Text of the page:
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    You can either have an ALARM_SERVICE send your service an Intent at some periodic time or you can spawn a new thread for your Service and have it check the time and sleep() for the correct amount of time you want in between wake ups. Your primary application is responsible for calling stopService to shut it down so it needs to catch the user events. Also remember that the service runs within the process of your main application. Your main application should make sure it frees as many resources as possible in its onStop() method to ensure it doesn't load the system. – Mark May 6 '10 at 19:13
  • Mark, I have set it up using the alarm service. The alarm fires fine using the poll period from the server, but now I get a serialization runtime error when I try to create the soap package with the location update data within in the service. This is really frustrating... – Mark May 7 '10 at 3:46

I recently wrote one of these and decided it is not a good idea to leave a background service running. It will probably be shut down by the operating system anyway, or it could be. What I did was use a filter for the boot intent and then set an alarm using the alarm manager so that my app was restarted at regular intervals, and then it sent the data. You can find good info on services and the alarm manager in the Android documentation.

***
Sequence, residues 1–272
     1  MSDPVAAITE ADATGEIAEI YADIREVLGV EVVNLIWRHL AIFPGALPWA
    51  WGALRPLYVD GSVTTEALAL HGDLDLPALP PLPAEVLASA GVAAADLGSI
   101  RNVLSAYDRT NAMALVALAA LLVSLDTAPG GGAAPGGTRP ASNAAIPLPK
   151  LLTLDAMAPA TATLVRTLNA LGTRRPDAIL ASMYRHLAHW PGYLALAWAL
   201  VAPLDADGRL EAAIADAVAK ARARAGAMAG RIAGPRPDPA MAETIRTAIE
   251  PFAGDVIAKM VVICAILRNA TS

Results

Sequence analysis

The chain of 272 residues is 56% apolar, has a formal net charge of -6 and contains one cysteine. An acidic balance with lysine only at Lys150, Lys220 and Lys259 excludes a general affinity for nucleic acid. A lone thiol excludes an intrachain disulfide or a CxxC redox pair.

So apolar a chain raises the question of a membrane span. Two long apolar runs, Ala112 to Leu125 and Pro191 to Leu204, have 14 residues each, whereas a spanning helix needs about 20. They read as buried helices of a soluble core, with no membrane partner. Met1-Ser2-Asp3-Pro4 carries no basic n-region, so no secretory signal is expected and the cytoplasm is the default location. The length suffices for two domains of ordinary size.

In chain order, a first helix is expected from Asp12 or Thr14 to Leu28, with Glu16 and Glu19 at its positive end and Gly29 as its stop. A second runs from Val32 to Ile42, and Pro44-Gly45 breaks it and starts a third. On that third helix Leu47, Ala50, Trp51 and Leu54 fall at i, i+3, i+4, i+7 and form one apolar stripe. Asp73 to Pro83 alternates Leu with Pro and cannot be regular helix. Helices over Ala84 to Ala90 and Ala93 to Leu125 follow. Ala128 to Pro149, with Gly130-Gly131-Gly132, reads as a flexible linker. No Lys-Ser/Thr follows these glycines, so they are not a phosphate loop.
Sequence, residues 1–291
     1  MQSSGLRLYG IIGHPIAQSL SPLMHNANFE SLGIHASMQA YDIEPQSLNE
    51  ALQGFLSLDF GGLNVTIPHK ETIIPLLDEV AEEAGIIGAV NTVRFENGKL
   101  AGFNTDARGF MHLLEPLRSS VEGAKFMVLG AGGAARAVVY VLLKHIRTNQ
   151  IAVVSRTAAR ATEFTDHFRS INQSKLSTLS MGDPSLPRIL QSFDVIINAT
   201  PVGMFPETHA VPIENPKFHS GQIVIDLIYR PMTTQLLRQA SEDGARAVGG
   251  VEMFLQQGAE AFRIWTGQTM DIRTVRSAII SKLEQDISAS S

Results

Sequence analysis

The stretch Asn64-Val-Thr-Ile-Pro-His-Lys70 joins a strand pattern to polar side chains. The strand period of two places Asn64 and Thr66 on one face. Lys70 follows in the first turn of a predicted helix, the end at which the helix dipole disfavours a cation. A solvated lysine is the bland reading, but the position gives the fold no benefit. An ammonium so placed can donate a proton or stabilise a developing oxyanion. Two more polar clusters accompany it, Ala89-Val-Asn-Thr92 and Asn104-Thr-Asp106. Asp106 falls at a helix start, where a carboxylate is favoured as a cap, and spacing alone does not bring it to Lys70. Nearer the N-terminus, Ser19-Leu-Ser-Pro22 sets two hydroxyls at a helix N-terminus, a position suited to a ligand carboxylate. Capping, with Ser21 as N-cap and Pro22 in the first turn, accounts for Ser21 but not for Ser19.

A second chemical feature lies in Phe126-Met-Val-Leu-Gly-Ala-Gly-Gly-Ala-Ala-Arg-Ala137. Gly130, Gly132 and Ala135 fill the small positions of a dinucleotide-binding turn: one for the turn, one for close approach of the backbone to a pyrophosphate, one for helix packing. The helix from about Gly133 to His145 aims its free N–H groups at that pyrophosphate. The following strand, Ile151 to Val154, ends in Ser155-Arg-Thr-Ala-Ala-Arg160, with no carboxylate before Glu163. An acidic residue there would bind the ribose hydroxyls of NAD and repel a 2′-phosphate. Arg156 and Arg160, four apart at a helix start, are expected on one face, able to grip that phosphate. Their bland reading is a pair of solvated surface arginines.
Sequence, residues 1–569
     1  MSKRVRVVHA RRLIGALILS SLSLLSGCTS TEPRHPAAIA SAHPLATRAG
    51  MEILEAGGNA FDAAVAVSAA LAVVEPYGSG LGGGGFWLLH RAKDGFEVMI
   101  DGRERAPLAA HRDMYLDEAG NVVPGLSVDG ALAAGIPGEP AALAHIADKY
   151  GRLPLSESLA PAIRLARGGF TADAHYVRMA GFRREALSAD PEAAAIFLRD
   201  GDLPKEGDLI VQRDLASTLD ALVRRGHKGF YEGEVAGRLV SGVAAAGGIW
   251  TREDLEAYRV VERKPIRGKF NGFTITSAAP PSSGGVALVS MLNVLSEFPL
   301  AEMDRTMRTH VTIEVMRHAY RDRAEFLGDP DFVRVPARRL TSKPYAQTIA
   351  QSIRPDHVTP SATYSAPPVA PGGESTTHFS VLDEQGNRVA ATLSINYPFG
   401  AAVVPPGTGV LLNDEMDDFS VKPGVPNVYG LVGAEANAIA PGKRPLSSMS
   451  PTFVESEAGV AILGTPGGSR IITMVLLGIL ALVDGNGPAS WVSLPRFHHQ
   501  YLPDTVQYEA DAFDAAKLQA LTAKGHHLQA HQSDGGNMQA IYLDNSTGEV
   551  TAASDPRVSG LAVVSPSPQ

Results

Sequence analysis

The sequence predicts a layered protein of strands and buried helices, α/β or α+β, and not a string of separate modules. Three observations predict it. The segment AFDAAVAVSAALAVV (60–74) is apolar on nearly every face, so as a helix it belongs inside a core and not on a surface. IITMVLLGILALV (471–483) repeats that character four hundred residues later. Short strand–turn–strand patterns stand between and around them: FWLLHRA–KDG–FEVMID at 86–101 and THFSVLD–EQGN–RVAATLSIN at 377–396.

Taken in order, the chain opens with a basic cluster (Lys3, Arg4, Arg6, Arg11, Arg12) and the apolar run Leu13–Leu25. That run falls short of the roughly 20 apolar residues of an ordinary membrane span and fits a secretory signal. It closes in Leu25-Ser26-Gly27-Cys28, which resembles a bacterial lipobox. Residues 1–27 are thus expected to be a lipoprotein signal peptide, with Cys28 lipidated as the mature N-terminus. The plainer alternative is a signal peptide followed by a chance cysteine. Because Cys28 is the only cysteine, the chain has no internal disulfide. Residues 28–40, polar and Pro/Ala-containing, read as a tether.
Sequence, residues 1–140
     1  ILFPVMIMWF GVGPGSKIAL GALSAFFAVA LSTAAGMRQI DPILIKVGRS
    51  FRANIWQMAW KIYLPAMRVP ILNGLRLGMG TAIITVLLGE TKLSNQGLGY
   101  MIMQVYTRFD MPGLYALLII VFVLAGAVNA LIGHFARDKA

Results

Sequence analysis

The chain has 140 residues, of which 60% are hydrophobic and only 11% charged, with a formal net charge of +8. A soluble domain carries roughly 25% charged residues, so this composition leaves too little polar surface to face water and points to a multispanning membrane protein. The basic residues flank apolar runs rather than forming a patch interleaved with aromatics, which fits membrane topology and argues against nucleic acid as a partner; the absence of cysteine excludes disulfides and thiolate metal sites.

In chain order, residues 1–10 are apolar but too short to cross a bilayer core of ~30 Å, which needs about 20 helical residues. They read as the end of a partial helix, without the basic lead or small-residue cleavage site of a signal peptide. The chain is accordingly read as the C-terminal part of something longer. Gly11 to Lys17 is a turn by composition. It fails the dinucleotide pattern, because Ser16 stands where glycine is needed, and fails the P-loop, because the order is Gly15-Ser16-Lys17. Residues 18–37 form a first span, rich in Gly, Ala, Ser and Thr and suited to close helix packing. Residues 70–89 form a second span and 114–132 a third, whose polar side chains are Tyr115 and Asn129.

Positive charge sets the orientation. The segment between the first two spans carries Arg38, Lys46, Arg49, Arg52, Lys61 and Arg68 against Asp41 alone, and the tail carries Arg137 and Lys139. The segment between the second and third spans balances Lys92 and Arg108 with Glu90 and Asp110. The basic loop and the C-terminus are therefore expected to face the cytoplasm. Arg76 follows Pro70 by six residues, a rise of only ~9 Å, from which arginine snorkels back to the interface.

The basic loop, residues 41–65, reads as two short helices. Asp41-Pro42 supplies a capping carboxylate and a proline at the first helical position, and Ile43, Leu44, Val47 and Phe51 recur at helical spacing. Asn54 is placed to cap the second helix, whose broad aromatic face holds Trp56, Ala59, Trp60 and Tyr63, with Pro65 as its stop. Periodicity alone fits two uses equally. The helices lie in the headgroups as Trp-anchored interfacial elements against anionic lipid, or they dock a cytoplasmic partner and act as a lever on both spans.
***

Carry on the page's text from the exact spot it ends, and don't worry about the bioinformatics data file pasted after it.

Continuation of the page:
First I created a broadcast receiver that simply starts my service when an internet connection is opened (I'm only interested if there is a connection - you might want to filter for the boot event as well). The launch receiver must be short-lived, so just start your service:

public class LaunchReceiver extends BroadcastReceiver {

    public static final String ACTION_PULSE_SERVER_ALARM = 
            "com.proofbydesign.homeboy.ACTION_PULSE_SERVER_ALARM";

    @Override
    public void onReceive(Context context, Intent intent) {
        AppGlobal.logDebug("OnReceive for " + intent.getAction());
        AppGlobal.logDebug(intent.getExtras().toString());
        Intent serviceIntent = new Intent(AppGlobal.getContext(),
                MonitorService.class);
        AppGlobal.getContext().startService(serviceIntent);
    }
}

In the manifest I have:

<receiver
    android:name="LaunchReceiver"
    android:label="@string/app_name" >
    <intent-filter>
        <action android:name="android.net.conn.CONNECTIVITY_CHANGE" />
    </intent-filter>
    <intent-filter>
        <action android:name="com.proofbydesign.homeboy.ACTION_PULSE_SERVER_ALARM" />
    </intent-filter>
</receiver>